Laboratory of Biochemistry - Plant Embryogenesis

The plant zygotic embryo is the product of a fertilized egg-cell and contains all major tissue-types of the eventual plant. The zygotic embryo is protected by the surrounding seed capsule for save dispersal. In addition to the normal progression of sexual embyogenesis,  both gametophytic and somatic cells can be reprogrammed to directly progress to embryogenesis.

 We refer to this capacity as “The fountain of youth in plants”. The human Fountain of Youth appears in Greek mythology as being a spring that confers eternal life to anyone that drinks from its “Water of Life” and itself is based on much earlier versions of this tale.

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Figure 1. Top: The Fountain of Youth, 1546 painting by Lucas Cranach the Elder. Bottom: Somatic embryos developed from carrot tissue culture cells.

 The plant version of the "Water of Life" is less romantic and in tissue culture consists of a simple completely defined medium with strong synthetic auxins as the active ingredient. However, little is known about the crucial first reprogramming step, not in the least because a multitude of different systems to induce embryogenesis are being employed.

In the past years, we have exploited the finding that the suspensor cells, that connect the embryo to the seed coat, can acquire embryo identity upon changing their sensitivity to the natural auxin hormone. This then leads to genetically identical twin embryos. Using this highly predictable and simple model for embryo initiation, we have identified several transcription factor genes that can trigger suspensor embryogenesis and results in heritable, dominant twin embryos.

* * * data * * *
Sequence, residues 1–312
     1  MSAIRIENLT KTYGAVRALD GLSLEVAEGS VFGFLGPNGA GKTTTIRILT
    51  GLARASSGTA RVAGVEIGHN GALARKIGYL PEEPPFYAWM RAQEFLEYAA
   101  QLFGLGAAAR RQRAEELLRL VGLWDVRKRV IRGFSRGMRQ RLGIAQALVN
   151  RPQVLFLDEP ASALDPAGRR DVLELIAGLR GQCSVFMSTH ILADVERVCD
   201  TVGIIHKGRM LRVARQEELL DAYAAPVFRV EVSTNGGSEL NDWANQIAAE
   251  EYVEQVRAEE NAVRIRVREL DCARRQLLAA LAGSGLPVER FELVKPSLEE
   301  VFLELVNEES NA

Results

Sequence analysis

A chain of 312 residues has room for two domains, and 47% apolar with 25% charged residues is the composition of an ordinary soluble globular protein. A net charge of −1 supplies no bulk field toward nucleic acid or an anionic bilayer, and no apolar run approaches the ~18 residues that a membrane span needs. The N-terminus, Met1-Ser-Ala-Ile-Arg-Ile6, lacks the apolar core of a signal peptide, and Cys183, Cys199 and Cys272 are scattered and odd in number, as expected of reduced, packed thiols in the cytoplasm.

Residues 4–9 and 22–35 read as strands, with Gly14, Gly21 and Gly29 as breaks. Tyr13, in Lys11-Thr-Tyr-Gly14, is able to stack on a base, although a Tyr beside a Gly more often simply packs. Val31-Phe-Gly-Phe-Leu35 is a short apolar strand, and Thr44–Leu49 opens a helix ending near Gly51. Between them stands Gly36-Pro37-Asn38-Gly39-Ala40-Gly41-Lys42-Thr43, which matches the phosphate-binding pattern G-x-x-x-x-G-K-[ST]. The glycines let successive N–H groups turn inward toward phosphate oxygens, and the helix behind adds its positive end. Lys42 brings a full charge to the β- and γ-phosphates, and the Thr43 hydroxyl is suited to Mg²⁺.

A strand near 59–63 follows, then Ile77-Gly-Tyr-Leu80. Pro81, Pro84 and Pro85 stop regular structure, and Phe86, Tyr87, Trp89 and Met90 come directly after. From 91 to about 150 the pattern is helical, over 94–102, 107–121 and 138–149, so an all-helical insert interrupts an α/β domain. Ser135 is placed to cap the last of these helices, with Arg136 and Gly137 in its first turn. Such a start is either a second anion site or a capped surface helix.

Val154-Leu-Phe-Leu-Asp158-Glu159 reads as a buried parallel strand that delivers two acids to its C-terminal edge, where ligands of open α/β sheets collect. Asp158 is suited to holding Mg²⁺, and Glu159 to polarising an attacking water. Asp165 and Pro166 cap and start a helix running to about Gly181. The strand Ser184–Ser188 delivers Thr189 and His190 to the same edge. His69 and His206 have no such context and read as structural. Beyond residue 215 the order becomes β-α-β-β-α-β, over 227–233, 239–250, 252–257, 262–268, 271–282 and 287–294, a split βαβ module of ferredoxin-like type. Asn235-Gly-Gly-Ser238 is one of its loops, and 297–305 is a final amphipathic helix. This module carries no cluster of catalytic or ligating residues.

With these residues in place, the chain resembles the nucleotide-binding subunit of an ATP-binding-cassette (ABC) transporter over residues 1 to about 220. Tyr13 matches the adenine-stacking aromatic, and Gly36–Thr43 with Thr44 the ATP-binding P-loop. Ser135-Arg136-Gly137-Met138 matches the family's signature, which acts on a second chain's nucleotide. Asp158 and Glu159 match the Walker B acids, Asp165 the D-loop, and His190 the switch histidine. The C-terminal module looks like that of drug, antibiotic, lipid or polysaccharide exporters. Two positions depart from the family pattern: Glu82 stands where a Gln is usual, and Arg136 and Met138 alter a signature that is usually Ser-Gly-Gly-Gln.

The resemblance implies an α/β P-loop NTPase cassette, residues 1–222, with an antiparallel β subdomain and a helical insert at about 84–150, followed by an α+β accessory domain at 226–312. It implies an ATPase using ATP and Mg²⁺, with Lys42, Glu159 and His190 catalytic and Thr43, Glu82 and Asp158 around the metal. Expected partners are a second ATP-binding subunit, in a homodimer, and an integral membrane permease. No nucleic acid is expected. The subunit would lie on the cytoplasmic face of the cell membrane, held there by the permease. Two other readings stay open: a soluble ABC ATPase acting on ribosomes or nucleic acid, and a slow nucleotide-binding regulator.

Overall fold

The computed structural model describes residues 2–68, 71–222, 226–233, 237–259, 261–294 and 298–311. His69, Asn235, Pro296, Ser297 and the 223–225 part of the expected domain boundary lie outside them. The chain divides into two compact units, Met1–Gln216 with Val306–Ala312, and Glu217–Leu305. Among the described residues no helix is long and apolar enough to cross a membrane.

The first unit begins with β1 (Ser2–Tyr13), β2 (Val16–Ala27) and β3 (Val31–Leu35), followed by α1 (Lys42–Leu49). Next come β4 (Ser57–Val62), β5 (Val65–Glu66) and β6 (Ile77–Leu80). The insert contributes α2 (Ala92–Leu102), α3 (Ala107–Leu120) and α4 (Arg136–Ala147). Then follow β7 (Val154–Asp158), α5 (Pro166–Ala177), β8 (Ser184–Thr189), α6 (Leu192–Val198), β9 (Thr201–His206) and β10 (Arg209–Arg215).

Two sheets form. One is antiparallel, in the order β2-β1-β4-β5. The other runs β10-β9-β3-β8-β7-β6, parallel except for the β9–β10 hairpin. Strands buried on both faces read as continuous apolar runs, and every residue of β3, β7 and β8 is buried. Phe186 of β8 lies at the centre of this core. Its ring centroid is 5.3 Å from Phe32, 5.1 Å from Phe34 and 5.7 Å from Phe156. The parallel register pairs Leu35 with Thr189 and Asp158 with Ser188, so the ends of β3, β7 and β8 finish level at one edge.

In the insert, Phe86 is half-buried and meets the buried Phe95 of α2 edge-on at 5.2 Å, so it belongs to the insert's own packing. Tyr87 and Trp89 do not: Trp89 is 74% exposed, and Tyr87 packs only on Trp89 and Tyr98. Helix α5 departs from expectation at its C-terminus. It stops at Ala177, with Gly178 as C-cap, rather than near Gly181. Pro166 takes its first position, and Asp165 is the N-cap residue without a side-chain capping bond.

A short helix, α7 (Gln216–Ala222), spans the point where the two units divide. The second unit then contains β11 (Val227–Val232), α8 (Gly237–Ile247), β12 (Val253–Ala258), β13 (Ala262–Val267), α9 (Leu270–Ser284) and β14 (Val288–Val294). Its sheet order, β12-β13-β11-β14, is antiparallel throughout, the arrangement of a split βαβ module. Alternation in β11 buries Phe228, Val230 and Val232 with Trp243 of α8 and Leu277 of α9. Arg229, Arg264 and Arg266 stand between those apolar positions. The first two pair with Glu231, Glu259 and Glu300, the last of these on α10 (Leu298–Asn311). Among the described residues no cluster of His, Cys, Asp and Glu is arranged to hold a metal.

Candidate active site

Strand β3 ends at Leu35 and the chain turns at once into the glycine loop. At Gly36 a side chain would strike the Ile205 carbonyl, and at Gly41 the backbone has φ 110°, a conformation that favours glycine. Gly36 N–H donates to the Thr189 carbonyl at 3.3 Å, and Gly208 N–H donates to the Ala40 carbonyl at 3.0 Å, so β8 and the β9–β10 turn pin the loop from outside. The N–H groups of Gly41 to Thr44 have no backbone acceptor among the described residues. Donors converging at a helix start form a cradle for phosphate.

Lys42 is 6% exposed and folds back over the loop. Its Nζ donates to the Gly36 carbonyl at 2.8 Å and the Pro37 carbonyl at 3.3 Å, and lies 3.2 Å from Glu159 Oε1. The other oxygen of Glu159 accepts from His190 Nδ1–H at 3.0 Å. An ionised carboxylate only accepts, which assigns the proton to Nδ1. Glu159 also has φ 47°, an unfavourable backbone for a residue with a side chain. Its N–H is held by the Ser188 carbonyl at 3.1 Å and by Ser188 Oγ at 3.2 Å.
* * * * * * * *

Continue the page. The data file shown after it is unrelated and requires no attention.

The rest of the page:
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Figure 2. Fate change in Arabidopsis suspensor cells. A. wild type zygotic  embryo. B. Zygotic twin embryo. C. Wild type seedling. D. Zygotic twin seedling, both seedlings develop into fertile plants.

In this new plant embryogenesis project at Biochemistry, we will develop suspensor-derived embryogenesis as a powerful model to define the basis of embryo initiation in plants. Three approaches are currently used:

1. Determination of the structure of the recently identified transcription factor that is capable of producing twin embryos. This will performed by expressing the responsible gene into a suitable host, followed by purification of the expressed protein and solving its structure by crystallography.

2. A combinatorial transcriptomics approach based on the current set of three mutants that consistently produce twin embryos in order to determine the core embryo initiation transcriptome.

3. High-throughput genetic screening to identify the entire set of genes capable of inducing embryogenesis. We expect this research program to provide the first systematic insight into the molecular basis for embryo initiation in plants, and thus deliver essential tools for engineering embryogenesis in crops.

See for projects that are currently open for BSc and MSc thesis projects under Education.